A gift


Their shaman grabs some clay from the bank of a nearby pond. he uses a claw like finger nail to prick a finger on each hand just enough to draw blood. He then begins to shape the clay, working a small amount of his blood into it as he does so. He keeps this up until it is the the rough shape of a bear. Says a prayer. Then holding it with his hands encircling it he breathes a long slow breath into his hands. When he opens them a rough dove grey statue of a bear is revealed. Surprisingly it is hard as if it has just been fired.

He hands it to you and says, “If you are ever in dire need, say my name and smash this against the ground. You all you carry will assume the form of one of my kind. All of your wounds will be healed and you will be fully refreshed. You may not speak in this form and cannot change back of your own will, but your mind remains your own. Only the next sunrise ends the spell and once again you will be healed, refreshed, and transformed. But know this, unlike spells with which you may be familiar, if you die in this form you are dead and your corpse will remain in this form.

He walks away from you looking almost feeble compared to how he looked before.

His mate approaches and says, “treasure this, for its creation cost him dearly, he is vulnerable and will be unable to change for a while.”


Today’s nugget starts with a Facebook post:

Question: A character has freed a small group of werebears from slavery. How can they reward her given they have nothing at the time?

The most common answer and the least reasonable was Lycanthropy. As in the were-bears bite the character and “infect” her with their disease.  I say unreasonable because allowing PC’s to contract things like Lycanthropy or Vampirism usually leads to a run-away power spiral. In other words, granting those abilities on top of the abilities the character already has is almost always OP (over powered.) And because according to the Rules as Written when such conditions are contracted the actions and motives of the character cease to be under control of the Player and the character is surrendered to the DM to control as an NPC.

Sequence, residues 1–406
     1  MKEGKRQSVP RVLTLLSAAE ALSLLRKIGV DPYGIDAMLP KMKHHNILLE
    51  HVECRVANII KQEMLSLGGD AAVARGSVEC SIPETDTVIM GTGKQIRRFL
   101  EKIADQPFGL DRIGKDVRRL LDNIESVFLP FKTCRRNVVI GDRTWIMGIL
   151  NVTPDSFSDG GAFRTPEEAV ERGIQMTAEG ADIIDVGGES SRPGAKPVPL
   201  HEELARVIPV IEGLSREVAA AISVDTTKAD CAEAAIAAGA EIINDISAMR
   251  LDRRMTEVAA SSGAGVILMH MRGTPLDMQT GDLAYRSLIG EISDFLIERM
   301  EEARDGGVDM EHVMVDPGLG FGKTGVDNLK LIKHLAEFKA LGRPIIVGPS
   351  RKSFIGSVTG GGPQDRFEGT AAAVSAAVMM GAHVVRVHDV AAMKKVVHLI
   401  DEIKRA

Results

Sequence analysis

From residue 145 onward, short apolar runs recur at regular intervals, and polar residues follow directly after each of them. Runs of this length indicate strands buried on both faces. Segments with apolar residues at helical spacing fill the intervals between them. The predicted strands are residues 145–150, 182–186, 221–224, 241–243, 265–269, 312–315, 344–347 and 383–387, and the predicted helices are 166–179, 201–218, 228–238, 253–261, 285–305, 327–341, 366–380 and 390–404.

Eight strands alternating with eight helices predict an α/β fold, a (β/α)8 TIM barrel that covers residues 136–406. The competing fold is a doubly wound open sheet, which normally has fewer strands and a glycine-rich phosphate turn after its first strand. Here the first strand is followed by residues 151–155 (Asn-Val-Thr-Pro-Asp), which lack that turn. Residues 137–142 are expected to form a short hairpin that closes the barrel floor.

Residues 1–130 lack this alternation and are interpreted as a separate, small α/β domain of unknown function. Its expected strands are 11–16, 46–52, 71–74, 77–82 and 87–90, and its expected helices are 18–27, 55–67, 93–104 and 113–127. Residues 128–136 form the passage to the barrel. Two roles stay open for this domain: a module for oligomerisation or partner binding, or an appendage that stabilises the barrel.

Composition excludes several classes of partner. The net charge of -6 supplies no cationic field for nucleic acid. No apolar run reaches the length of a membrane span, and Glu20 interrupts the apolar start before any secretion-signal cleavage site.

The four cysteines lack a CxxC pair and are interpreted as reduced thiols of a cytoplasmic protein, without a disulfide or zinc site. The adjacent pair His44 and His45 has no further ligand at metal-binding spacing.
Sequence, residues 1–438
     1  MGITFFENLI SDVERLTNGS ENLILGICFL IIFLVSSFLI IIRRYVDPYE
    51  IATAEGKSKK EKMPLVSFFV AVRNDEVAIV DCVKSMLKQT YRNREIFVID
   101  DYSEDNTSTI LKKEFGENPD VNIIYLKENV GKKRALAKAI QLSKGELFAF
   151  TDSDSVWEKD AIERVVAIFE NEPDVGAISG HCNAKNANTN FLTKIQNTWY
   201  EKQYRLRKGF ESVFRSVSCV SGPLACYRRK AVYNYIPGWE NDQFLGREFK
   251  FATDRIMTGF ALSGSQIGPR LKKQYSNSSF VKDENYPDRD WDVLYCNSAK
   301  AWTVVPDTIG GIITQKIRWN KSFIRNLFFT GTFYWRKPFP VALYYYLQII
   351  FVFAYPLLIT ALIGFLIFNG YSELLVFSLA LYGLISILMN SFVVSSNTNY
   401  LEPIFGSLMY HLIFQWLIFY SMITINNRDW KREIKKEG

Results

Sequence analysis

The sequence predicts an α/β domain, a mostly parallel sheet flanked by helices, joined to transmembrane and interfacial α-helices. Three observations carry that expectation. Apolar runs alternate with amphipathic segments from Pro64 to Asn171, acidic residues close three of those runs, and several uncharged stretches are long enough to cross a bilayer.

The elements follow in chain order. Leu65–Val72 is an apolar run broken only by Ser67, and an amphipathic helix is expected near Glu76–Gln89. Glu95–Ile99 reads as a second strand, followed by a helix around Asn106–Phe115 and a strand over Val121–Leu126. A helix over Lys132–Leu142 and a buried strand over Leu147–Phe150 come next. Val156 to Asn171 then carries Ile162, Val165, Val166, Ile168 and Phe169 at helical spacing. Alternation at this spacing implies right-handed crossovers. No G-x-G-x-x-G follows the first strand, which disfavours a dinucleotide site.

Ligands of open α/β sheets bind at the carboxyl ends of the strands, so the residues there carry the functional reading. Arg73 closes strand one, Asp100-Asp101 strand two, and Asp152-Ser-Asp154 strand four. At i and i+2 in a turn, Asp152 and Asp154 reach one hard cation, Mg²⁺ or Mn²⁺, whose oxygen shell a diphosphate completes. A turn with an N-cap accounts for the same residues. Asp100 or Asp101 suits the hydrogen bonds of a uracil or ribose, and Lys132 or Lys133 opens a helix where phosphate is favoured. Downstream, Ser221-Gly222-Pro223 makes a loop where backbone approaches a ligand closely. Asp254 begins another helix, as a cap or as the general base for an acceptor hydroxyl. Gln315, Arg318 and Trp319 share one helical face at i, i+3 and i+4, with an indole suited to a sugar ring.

Several other answers included; A token showing that the character is a friend of the were-bears and will allow them to be treated as such by other were-bears they meet. Friendship. Shelter. Aid in battle.

All of these were good ideas, even if the Lycanthropy is OP and unworkable it does make a certain sense. So I thought how do you do all of the above without it being OP or giving the character Lycanthropy… How about a blessing or one time use item that gives the Character the main benefit of Lycanthropy, once, without the actual disease, or loss of control. I didn’t want to make it a spell as it break too many of the rules for spells in regards to duration and concentration etc. But how do I arrange for them to give the players an item when they have just been freed from slavery.

Well were-bears are often seen as primitive and barbaric but generally “good” creatures who are often druids or rangers in their human form. They are generally close to nature. So even “primitive” societies create pottery with clay, it seems like something a druid would do, and the materials might be right at hand… With these thoughts in mind I wrote the narrative.

The figurine is small, less than three inches long. It serves as a token of good will as any wearbear will recognize it for what it is.


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